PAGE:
Should You Vaccinate? (Opinion)

Xavier Prentice-Sao, Staff Writer

Vaccines have been helping people for over 200 years. Although there has been no validated scientific evidence of vaccines harming people, many are still hesitant to vaccinate themselves and their children for fear of it causing autism and other mental diseases. For public safety all parents should vaccinate their children.

“I think they’re important because they can help people stay safe,”said Sam Rewa ‘22.

A vaccine is a medicine that is used to prevent or lessen the chances of getting certain diseases. One of the more popular vaccinations is for a disease called Varicella also known as Chickenpox. The vaccine for Chickenpox was first licensed for use in March of 1995 in the United States. Before the vaccine was made, studies show that there were around 4 million cases of Chickenpox in the 1990s. Once the vaccine was made, nearly 3.8 million cases have been prevented with it.

Vaccines are very important for people to get because if people are unvaccinated and someone does contract a virus like measles, then it can be spread very easily.  In 2019 alone there have been 209 reported cases of measles in the U.S. This is for a disease that once was nearly eradicated in first-world countries.

Many people are afraid of vaccinating their children because they believe that it will give their child autism.  Throughout the all the years vaccines have been in use, there has been no evidence that vaccines have or can even cause autism.   One study that “proved” vaccines did cause autism was withdrawn in October, 2018, after being flawed.

“The tradeoff to taking the risk of a dead virus to prevent an alive virus is worth it,” said science teacher Jeff Lindstrom.

Recently, there have been cases of kids who are getting vaccinations against their parents’ wishes. An example of this would be Ethan Lindenberger from Ohio whose parents did not believe in vaccines. His parents eventually accepted his beliefs that vaccines would help him.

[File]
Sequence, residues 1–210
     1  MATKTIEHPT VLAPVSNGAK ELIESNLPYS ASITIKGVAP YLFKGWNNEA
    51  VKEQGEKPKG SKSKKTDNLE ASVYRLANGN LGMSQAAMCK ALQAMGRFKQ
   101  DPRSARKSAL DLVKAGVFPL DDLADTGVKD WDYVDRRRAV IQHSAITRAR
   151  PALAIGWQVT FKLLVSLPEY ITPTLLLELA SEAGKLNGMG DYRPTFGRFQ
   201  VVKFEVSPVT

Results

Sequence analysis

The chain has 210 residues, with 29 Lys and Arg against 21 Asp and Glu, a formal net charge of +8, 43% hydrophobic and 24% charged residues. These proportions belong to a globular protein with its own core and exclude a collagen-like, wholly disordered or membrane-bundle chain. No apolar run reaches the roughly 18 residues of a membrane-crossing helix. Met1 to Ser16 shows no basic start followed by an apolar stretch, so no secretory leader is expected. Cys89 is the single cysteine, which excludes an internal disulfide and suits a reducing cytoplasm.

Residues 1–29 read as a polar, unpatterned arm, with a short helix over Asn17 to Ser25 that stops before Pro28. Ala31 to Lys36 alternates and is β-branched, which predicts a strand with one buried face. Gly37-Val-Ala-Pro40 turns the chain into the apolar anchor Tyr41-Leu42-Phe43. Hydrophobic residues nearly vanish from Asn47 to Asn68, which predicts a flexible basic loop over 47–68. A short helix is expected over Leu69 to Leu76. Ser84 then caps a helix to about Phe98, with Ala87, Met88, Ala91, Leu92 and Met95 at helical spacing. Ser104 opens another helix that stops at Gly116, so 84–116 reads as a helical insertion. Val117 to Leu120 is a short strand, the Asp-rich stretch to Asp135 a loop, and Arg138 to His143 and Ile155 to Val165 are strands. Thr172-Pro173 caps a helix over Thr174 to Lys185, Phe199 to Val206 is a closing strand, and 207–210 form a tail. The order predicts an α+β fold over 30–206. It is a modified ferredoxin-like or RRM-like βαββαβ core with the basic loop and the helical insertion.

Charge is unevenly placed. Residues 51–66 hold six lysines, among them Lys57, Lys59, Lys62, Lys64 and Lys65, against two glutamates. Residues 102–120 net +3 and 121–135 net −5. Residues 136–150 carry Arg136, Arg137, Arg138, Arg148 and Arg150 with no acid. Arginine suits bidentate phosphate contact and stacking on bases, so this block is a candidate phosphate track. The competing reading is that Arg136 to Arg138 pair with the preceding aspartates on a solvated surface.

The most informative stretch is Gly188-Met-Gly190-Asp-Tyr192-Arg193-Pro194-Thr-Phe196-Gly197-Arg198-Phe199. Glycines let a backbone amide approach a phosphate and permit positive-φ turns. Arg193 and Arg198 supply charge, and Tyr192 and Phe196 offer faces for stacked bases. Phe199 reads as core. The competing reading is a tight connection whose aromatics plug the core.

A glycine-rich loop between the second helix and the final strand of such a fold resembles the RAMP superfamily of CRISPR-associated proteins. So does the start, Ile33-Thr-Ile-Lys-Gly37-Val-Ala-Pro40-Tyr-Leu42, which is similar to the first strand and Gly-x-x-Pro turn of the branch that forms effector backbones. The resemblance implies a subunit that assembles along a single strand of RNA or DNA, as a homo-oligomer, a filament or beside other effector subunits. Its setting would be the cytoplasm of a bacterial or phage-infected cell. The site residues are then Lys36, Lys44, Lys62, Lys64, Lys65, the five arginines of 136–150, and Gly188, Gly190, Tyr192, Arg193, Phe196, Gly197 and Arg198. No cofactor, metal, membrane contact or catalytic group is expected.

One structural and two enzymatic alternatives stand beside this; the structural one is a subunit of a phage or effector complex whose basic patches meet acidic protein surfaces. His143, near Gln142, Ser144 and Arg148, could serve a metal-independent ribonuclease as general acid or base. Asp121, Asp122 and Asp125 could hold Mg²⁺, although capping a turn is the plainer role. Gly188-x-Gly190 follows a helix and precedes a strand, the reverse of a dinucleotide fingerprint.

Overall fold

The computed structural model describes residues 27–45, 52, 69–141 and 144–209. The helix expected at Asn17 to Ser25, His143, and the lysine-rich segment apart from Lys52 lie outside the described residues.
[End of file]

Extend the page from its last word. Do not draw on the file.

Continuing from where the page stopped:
There have been many studies on how vaccines cannot cause autism. There was a worry that the MMR vaccine also known as the Measles, Mumps, and Rubella vaccine could cause autism due to a substance known as thimerosal which contained mercury that was in it. Though it was eventually proven that thimerosal and autism had no connection with each other.

Vaccines are also covered by most health insurance plans and if you don’t have health insurance many are still available free or at a low cost. All vaccinations that are recommended for children are free until the age of 18.

Michigan does have a vaccination law that encourages parents to vaccinate their children, however there are exceptions for parents to avoid getting their children vaccinated.  These exceptions include religion and deep objection to the vaccinations. The law was made to protect children in schools, where a large concentration of people could provide a situation where any disease could spread quickly.

Students attending second lunch gave their opinions on whether vaccinating children should be a legal requirement for all families. The results were heavily favored on one side with 78 students believing it should be law, while 21 students said the opposite.

For everyone’s safety, parents who don’t vaccinate their children should take into consideration other parents and their kids’ well beings.